Startup Hiring Mistakes

Startups are appealing to many people for many reasons, not the least of which is to be an early hire at the next Stitch Fix, Roku, or Okta. If you ask any investor, a startup’s team is the most critical element to its success. Thus, hiring is one of the most important activities a founder is responsible for. So, what are startup hiring mistakes and how can they be avoided?

The first mistake seems obvious, but founders continue to make it, is hiring friends. This can be tempting because you already know them and you can more easily justify their skills. However, it’s your existing relationship that makes it a bad reason to bring them into your startup. It’s not a clean slate and never will be, the dynamic at play is not worth it for the company.

A related mistake is to hire people that are like you. Founders think that other outgoing, energetic people will be a great addition to the company. They might be, but more often than not they aren’t. If you want to build a successful company, you need diversity. And not just race or gender, but different ways of thinking. If everyone thinks like the founder, you’ll lack innovation and creative tension that delivers better results.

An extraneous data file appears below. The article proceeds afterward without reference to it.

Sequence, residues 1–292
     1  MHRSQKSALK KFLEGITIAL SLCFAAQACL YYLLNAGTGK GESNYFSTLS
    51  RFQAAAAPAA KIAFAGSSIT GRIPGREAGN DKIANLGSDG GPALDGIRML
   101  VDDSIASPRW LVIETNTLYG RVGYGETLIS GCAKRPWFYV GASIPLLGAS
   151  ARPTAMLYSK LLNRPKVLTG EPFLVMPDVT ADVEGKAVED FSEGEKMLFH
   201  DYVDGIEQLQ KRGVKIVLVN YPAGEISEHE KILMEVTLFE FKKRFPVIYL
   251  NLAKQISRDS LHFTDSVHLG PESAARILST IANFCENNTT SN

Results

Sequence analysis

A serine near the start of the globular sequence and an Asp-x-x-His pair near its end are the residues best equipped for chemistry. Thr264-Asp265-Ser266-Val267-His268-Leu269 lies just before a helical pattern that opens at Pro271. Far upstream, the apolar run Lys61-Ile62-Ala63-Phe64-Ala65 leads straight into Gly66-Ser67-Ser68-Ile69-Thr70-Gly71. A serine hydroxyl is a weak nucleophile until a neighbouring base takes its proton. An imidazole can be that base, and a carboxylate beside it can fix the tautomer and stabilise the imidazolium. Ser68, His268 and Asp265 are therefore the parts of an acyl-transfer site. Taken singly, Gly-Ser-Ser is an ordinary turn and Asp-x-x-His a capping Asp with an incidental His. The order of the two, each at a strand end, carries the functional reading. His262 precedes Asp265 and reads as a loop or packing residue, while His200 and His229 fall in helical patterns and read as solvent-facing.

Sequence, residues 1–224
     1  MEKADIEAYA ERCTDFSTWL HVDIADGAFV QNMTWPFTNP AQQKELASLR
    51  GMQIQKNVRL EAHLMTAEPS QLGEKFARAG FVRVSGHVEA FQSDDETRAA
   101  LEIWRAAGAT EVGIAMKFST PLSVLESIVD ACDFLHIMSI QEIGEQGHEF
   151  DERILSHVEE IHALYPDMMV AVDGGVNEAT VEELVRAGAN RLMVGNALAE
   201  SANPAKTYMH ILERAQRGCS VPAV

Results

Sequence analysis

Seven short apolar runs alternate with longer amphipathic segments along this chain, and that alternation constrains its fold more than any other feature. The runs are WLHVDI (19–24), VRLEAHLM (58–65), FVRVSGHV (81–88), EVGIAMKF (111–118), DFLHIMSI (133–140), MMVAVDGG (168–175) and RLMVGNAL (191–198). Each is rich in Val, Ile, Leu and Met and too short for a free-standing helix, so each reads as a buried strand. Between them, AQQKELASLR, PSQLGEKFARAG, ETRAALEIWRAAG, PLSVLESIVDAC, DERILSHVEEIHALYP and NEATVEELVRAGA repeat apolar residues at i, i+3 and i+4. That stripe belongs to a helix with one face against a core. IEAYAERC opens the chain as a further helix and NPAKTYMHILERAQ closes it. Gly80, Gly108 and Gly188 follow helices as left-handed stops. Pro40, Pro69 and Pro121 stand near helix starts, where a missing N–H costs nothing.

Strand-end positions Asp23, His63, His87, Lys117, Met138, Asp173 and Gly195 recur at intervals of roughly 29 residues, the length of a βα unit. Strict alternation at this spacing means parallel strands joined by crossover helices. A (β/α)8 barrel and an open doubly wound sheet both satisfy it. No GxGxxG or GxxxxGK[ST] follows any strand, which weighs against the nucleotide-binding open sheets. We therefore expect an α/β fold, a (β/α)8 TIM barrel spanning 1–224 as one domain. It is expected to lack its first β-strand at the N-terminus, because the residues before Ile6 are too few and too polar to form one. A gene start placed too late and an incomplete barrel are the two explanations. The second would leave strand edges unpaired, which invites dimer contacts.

A third mistake is to hire people from big companies. Some investors will often push for this as they bring a proverbial pedigree. The logic goes something like this, hire people for where you want to go, not where you are today. That can be a recipe for disaster. The startup life is far different from corporate life and the majority of people that have had success in large organizations may not perform well in a startup.

Not taking your time is another mistake. Hiring the best people is absolutely critical. Unfortunately, founders often can’t see the forest through the trees when it comes to getting people on board quickly and rush to take the first candidates that meet some of their criteria. Take your time and don’t settle for okay, when amazing is out there. These hires are people who will be instrumental in your growth.

Finally, if someone tells you they can do it all, be wary. It’s true that early stage startup employees need to wear a lot of hats, but that doesn’t mean you should hire a generalist who doesn’t have a skillset that will translate to a specific role as the company grows. As the saying goes, a jack of all trades is a master of none.

So what trait matters most for startup hiring? As Angela Duckworth wrote, Grit. She defines it as passion and perseverance. We think of it as finding people who are internally motivated and tenacious. These behaviors can take a variety of forms and it’s important that they are additive to the culture of the organization. It’s important that the founder understands and can articulate the mission and vision of the company to bring in the right people. If you can’t motivate and inspire the people you’ve hired, you’ll lose valuable time starting the process all over again.

For more information on how to avoid hiring mistakes, send us a note. As an executive search firm, Sheer Velocity has seen a plethora of mistakes. Therefore, our recruiters can help you avoid making the mistakes others have made before.